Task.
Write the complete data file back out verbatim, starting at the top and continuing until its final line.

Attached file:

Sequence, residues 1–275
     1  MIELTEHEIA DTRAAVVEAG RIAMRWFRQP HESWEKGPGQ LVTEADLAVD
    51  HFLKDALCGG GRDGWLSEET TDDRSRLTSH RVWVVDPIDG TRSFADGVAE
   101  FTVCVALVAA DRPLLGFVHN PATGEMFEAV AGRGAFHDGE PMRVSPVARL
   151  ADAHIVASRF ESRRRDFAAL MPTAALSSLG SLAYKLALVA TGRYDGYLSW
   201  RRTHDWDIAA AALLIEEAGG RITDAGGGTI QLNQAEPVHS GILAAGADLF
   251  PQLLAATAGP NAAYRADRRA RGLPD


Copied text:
Sequence, residues 1–275
     1  MIELTEHEIA DTRAAVVEAG RIAMRWFRQP HESWEKGPGQ LVTEADLAVD
    51  HFLKDALCGG GRDGWLSEET TDDRSRLTSH RVWVVDPIDG TRSFADGVAE
   101  FTVCVALVAA DRPLLGFVHN PATGEMFEAV AGRGAFHDGE PMRVSPVARL
   151  ADAHIVASRF ESRRRDFAAL MPTAALSSLG SLAYKLALVA TGRYDGYLSW
   201  RRTHDWDIAA AALLIEEAGG RITDAGGGTI QLNQAEPVHS GILAAGADLF
   251  PQLLAATAGP NAAYRADRRA RGLPD